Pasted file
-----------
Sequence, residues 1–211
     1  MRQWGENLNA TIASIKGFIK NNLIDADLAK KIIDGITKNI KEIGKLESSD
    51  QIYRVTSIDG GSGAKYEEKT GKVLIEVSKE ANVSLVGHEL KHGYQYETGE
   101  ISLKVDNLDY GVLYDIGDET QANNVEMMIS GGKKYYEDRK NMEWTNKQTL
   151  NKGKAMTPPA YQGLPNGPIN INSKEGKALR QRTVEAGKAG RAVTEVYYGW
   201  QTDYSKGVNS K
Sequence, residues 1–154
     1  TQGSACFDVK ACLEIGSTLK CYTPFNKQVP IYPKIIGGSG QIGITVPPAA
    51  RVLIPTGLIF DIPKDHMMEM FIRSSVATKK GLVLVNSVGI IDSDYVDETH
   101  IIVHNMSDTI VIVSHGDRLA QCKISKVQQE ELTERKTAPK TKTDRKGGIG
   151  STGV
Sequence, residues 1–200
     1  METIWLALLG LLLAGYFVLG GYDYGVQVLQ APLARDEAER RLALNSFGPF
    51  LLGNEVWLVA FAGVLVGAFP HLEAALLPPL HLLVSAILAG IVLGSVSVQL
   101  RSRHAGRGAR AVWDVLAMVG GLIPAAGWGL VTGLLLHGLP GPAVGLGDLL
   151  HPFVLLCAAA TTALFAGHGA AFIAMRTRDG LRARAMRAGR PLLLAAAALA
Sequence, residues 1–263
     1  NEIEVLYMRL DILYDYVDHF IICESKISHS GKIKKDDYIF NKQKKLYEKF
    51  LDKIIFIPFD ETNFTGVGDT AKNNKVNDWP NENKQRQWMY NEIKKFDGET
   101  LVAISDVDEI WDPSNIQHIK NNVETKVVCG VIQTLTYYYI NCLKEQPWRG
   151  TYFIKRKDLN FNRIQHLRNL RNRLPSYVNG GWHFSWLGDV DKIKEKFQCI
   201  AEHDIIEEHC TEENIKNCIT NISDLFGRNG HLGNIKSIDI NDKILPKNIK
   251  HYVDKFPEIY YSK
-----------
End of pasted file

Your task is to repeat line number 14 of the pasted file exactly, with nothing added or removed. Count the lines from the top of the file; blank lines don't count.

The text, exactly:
    51  LLGNEVWLVA FAGVLVGAFP HLEAALLPPL HLLVSAILAG IVLGSVSVQL